|Conservatives in the past had been more euro-sceptical [GALLO/GETTY]
The second week of Britain's general election campaign ended with many commentators – and even more voters – yawning and complaining that this is fast becoming the most boring poll in memory.
Earlier in the week, I quietly slipped into a meeting in my home town of Buckingham to listen to Nigel Farage, the virulently anti-European Union leader of the UK Independence Party (UKIP), blame Brussels for this apparent non-event.
Farage believes that the issues of concern to the average Briton, such as the yawning deficit, immigration, defence or the great elephant in the room – the European Union and the Single Currency, are likely not to be addressed by the main parties because the British parliament has surrendered most of its powers to the parliament in Brussels.
This claim was made with much vigour by the Conservative Party and before them in the 1970s and 1980s, by the Labour Party, which had at one point advocated withdrawal from the then Common Market altogether.
There is a rule of thumb that the governing party in Britain tends to be reasonably pro-European, while the opposition makes much of the surrender of British sovereignty and takes on a more hostile stance.
Will this change if David Cameron, the Conservative leader, is elected prime minister in a few weeks time?
Despite what some say is Cameron's tactical silence on the issue, many Conservatives hope that no more authority will be surrendered to Brussels once their party comes to power.
On current form, they could be whistling in the dark.
Both Cameron and Gordon Brown, the incumbent prime minister, promised a referendum on the hugely contentious issue of the Lisbon Treaty.
The Treaty, which entered into force in December 2009, solidified many of the European institutions, gave the EU a president of sorts and moved Europe much closer to having a common foreign and defence policy.
As Cameron was not prime minister at the time, he could claim that it was not in his power to deliver on the promise of a referendum.
But few in his party believe he will want a referendum on the Treaty now that it has been ratified. As a result, many on the British right accuse him of "betrayal".
However, there is another reason why Cameron and the Conservative Party would rather not discuss the EU during this election.
While there are plenty of euro-sceptic votes to be had – the British public has become increasingly hostile to the EU – Cameron and his front bench are anxious to avoid yet another full blown row over their distinctly odd alliances with far right-wing parties in the European parliament.
There is a fear such affiliations could scare votes away.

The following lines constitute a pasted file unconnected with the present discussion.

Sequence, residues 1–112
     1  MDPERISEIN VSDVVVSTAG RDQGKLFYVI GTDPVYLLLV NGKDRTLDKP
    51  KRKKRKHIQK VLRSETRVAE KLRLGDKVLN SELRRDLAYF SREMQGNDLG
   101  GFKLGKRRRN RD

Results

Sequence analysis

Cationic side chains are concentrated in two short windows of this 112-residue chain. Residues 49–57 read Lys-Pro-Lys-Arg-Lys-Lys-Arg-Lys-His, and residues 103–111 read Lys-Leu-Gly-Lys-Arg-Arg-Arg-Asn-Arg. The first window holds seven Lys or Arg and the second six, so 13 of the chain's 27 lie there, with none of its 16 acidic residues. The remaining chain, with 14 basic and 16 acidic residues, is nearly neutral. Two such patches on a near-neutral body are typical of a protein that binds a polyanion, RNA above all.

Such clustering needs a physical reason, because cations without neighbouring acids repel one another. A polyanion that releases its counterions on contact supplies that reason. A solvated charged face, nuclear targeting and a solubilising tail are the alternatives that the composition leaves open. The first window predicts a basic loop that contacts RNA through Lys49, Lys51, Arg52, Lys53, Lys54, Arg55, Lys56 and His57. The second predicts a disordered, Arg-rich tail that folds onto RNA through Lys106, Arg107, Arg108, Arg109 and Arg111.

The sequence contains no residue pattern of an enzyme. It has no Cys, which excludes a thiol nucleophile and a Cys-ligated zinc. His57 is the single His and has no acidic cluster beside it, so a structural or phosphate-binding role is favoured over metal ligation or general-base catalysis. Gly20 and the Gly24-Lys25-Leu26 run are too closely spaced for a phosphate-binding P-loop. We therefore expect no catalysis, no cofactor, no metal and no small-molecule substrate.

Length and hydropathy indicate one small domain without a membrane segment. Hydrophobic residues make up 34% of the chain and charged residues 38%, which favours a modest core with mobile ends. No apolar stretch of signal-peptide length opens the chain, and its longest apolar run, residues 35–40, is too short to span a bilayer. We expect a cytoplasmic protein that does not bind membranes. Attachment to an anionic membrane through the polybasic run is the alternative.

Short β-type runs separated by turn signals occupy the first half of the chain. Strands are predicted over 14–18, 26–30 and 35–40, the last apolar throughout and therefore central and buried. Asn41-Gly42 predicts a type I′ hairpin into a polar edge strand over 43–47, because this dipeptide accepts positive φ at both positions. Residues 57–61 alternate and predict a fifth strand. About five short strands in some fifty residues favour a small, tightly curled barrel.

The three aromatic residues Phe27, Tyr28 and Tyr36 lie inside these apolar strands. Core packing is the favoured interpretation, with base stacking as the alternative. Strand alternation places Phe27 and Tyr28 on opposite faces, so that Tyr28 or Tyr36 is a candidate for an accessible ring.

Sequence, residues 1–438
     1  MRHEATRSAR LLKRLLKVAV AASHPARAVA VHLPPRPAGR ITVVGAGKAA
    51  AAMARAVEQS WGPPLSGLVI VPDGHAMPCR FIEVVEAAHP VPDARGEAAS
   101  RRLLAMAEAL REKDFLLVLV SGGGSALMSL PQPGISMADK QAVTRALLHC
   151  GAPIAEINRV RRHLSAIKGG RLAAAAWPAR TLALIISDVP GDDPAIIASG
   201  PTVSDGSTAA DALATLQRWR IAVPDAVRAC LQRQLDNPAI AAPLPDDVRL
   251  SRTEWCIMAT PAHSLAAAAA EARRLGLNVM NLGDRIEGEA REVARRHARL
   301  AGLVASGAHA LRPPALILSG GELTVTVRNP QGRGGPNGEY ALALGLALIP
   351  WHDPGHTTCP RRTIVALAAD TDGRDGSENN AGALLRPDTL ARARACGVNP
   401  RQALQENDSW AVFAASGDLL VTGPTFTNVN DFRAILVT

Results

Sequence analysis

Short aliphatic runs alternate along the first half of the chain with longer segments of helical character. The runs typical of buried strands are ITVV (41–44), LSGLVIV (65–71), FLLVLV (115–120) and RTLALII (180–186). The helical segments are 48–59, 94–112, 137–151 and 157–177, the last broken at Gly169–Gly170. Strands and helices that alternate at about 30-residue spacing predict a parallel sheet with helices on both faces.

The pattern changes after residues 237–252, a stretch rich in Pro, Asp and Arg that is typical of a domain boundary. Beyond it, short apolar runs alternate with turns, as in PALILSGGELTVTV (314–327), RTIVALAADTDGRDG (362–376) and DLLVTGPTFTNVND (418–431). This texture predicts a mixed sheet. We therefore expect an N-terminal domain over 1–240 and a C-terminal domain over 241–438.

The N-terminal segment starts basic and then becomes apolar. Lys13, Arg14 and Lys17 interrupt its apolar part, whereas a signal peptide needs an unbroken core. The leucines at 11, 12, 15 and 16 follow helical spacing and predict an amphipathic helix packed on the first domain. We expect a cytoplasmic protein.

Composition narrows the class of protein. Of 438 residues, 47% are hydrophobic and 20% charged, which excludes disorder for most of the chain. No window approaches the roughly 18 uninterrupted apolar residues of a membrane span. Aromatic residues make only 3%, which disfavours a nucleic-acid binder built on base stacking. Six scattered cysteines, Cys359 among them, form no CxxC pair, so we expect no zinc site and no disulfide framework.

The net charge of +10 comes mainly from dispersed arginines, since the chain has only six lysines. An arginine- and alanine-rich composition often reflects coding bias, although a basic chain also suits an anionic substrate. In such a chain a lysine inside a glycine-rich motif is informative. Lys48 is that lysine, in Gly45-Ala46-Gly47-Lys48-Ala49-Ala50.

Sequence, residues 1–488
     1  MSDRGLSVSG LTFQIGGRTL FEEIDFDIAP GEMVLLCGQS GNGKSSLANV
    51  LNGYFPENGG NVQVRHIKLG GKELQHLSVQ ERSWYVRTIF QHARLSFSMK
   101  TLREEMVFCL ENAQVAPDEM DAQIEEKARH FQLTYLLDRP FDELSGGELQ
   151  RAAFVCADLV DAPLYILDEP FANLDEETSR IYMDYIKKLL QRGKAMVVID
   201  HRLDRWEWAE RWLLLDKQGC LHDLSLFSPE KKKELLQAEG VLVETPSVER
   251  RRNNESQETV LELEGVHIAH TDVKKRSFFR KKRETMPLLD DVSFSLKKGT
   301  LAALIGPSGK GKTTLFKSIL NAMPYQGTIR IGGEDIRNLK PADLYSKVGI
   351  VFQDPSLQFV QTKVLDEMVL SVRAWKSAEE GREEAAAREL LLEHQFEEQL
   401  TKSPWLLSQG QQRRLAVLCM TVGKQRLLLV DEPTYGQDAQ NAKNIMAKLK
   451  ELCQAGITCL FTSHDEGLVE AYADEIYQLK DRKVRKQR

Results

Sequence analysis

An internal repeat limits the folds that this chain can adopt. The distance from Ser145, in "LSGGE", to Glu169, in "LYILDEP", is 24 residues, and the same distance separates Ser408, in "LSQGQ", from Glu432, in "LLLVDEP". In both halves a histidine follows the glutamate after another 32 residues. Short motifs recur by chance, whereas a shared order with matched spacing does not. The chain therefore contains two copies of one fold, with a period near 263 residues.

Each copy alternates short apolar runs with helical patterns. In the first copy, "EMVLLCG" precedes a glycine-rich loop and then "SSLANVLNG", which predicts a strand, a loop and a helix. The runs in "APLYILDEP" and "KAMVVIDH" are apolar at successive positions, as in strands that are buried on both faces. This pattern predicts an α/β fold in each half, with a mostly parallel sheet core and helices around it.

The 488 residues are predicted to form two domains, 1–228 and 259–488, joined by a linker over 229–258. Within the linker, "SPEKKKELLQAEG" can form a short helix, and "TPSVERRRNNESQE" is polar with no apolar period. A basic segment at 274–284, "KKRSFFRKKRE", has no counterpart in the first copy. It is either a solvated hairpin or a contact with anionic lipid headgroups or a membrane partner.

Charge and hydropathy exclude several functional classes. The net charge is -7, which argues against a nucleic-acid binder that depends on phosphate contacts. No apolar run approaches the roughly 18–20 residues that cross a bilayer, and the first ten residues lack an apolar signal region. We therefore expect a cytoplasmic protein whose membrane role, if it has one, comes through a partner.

While on assignment with Al Jazeera English TV just over a year ago, I chanced upon a senior Conservative, Eric Pickles, boarding my flight at Warsaw airport, briefcase in hand.
As I had met Pickles many years ago to discuss local government, I struck up a conversation with him at the airport and inquired about the nature of his visit to Warsaw.
Since he was not forthcoming and I later discovered that he had been meeting with Michael Kaminski of the far-right Polish Law and Justice Party, I have kept an eye on his activities ever since.
Over the past few years, British Conservatives have left the mainstream centre-right European Peoples Party, which is the largest grouping in the European Parliament, and instead teamed up with the smaller euro-sceptic European Conservatives and Reformists.
This group not only includes Kaminski's party, which has been accused of anti-Semitism by the British foreign minister (a charge they denied), but also includes Robert Ziles Latvian party, "For Fatherland and Freedom".
Embarrassingly for both Cameron and Pickles, some members of this grouping have joined commemorative marches organised by retired members of the old Latvian division of the Waffen SS.
Last year the Obama administration expressed its concern at the British Conservative Party's links with these groups.
George Schwaub of the National Committee on American Foreign Policy and a Holocaust survivor said: "I think Winston Churchill would be turning in his grave".
The Conservatives have hit back at their Labour and overseas accusers, but their associations on a practical level leave them isolated within Europe, and distanced from natural allies in France and Germany.
Should the Conservatives win under Cameron, my hunch is that the they will slowly edge back toward the mainstream European Peoples Party.
For such is the depth of Britain's economic malaise, no governing party will want to retreat to a form of isolationism that distances Britain both from Europe and potentially the US.
In truth, no political party now wants to be seen as too pro-European, not even the notoriously euro-friendly Liberal Democrats.
This is why the word "Europe" has not passed the lips of any of them.
Should Labour win on May 6, or be obliged to go into coalition with the Liberal Democrats, it will most likely be business as usual with Europe, not least because the European political establishment knows that it has become deeply unpopular across the continent and dare not push for further integration now.
The question - still unanswered - is how Cameron intends to play the Europe card if he wins the election.
Once in office he will find it much more difficult to play his cards both ways.
Mark Seddon, Al Jazeera’s former UN correspondent is a political commentator and former editor of Tribune magazine.